Trout season is in full swing, a time when young and old are able to cast their lines and enjoy the outdoors in the Laurel Highlands.
There are numerous rivers, streams and impoundments where fishermen can test their luck at catching brown, rainbow, brook and golden trout.
“Come out and enjoy the day,” Ralph Bretz, a resident of Franklin, told our Dave Sutor.
This is a time for parents and grandparents to pass along their immeasurable knowledge of fishing to their children and grandchildren. They could teach a young enthusiast the best knots to use; show how to put a wriggling red worm on a hook; teach the proper way to cast a line overhanded, underhanded and sidearm; and demonstrate the correct way to land a trout.
Some well-known hot spots are easily accessible by anglers, being located right beside roads. Others take some effort to reach, such as the Iron Bridge on Clear Shade Creek in Somerset County.
“It’s out of the way,” Tim Luther of Stoystown said about the area.
However, the remote-ness of some fishing holes could be troublesome for anglers who are not in the best physical condition to reach such destinations.
The best advice we could tell anyone venturing forth to an out-of-the-way fishing destination is to tell someone where you are going and when you plan to return.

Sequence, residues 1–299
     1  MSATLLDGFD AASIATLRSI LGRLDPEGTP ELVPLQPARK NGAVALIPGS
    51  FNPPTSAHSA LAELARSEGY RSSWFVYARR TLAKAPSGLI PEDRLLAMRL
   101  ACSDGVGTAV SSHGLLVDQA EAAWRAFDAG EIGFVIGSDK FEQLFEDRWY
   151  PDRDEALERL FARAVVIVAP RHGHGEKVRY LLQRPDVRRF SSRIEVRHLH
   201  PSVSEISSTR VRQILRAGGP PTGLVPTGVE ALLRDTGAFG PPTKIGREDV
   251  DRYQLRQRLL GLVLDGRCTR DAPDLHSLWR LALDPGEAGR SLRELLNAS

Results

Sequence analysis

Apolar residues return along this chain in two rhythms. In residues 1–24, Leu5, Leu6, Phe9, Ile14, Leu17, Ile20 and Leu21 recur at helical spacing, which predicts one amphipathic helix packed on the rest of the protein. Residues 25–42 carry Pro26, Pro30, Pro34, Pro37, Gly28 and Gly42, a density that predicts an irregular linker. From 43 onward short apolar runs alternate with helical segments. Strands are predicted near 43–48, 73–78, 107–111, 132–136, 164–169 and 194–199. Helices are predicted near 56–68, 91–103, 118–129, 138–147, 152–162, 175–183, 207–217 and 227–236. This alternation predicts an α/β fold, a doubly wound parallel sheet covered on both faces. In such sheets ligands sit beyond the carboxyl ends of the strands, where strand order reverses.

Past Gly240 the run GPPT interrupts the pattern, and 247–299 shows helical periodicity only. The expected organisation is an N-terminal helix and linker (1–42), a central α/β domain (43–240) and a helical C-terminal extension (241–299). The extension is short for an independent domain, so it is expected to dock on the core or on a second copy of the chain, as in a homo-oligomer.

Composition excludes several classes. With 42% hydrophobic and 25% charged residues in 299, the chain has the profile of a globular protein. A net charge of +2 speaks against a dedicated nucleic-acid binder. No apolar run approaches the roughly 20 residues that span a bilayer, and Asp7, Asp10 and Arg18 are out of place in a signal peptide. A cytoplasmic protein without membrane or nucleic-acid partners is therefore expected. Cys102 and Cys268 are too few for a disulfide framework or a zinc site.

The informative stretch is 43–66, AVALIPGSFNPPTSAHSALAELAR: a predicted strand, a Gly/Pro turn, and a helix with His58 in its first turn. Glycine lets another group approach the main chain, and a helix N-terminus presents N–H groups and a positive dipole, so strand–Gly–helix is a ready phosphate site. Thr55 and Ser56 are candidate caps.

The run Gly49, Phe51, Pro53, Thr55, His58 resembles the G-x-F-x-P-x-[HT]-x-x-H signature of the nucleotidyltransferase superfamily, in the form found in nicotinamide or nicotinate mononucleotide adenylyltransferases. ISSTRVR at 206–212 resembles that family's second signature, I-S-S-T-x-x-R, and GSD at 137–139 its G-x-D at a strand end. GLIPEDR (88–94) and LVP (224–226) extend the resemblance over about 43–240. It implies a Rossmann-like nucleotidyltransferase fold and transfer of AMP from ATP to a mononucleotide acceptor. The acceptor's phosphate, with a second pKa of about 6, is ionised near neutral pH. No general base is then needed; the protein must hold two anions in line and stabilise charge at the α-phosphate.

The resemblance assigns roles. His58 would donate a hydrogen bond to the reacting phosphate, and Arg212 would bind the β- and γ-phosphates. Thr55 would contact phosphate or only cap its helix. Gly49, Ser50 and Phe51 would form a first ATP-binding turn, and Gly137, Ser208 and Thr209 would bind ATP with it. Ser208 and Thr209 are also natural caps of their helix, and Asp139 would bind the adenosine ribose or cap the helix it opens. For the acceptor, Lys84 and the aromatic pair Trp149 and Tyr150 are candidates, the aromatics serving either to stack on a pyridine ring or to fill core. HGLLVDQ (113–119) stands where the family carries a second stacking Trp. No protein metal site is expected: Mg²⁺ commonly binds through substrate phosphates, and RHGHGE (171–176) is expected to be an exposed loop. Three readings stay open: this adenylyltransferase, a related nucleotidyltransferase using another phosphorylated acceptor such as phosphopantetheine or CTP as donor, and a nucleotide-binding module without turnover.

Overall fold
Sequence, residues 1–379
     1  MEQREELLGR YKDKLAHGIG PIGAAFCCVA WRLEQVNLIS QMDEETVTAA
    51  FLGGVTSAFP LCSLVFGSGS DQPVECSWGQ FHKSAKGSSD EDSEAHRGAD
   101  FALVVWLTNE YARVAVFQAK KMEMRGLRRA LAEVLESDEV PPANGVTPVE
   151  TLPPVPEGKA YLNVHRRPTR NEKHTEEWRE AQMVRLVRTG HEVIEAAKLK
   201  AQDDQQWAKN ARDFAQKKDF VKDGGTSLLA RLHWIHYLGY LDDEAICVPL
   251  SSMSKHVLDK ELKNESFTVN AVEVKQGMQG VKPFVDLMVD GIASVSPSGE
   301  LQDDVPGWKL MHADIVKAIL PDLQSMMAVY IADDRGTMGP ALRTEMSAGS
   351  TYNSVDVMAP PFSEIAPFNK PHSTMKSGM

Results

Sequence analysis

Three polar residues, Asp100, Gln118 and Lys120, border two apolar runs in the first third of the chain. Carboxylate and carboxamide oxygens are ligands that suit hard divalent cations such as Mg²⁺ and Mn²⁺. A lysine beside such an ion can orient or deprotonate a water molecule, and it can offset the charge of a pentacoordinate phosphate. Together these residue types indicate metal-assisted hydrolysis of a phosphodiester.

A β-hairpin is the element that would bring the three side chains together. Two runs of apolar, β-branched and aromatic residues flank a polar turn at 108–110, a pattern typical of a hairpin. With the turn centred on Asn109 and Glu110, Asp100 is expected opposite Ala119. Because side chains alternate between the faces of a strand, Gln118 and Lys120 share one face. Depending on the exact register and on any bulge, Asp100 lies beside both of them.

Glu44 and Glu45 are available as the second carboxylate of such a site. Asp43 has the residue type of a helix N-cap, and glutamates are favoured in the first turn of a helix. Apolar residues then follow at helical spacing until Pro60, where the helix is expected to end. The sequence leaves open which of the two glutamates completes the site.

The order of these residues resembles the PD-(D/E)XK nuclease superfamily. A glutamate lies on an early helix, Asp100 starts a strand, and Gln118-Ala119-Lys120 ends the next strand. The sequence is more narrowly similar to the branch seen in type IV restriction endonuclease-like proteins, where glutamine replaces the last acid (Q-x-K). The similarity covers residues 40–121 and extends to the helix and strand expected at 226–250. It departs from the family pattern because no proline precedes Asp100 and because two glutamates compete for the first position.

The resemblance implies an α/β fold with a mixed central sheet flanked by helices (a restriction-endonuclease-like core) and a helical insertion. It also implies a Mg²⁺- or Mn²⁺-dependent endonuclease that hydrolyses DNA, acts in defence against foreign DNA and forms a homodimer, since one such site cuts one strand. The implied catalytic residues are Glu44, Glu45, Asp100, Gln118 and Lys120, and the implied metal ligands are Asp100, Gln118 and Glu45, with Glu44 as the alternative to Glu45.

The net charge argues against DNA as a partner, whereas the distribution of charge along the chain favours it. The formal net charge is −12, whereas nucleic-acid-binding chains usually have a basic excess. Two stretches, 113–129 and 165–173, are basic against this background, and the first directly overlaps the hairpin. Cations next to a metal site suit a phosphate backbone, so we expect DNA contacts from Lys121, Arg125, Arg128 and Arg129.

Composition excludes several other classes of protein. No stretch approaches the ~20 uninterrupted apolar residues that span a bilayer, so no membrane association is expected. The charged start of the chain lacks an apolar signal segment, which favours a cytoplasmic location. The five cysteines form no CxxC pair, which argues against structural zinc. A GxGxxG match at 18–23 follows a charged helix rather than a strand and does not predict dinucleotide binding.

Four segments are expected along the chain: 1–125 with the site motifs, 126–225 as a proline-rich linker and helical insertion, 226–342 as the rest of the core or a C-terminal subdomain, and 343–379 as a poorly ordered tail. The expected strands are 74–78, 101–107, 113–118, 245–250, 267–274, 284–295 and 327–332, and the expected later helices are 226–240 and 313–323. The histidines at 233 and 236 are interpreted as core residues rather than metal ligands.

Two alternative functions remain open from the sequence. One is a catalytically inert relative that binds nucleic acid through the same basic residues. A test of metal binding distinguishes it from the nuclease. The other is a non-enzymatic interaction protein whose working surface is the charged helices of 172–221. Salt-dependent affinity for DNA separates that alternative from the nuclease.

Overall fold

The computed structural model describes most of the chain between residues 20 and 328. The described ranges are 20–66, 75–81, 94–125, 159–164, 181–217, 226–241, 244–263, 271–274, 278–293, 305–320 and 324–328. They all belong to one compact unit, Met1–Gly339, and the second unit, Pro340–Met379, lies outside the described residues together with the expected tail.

Also, please bring back everything you took with you. Don’t expect some-one else to pick up your litter.
Put one of those plastic bags you get at grocery stores in your pocket to use as a garbage bag. A soda can weighs much less empty than it does full. Crush it when you’re done with it and carry it back out, don’t throw it in the bushes.
The same with candy bar wrappers and empty bait containers.
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Saturday marks the opening of spring gobbler season in Pennsylvania. Saturday is set aside as a mentored youth hunt. Youngsters who are not old enough to hunt alone must be accompanied by an adult, licensed hunter. If you don’t have a young son or daughter to take afield, consider asking a neighbor or relative.
Few things are more thrilling than hearing a tom turkey gobbling his way through the woods in search of a hen.
And there is nothing more gratifying than seeing the expression on a young hunter’s face after he or she has harvested one of Pennsylvania’s big-game trophies.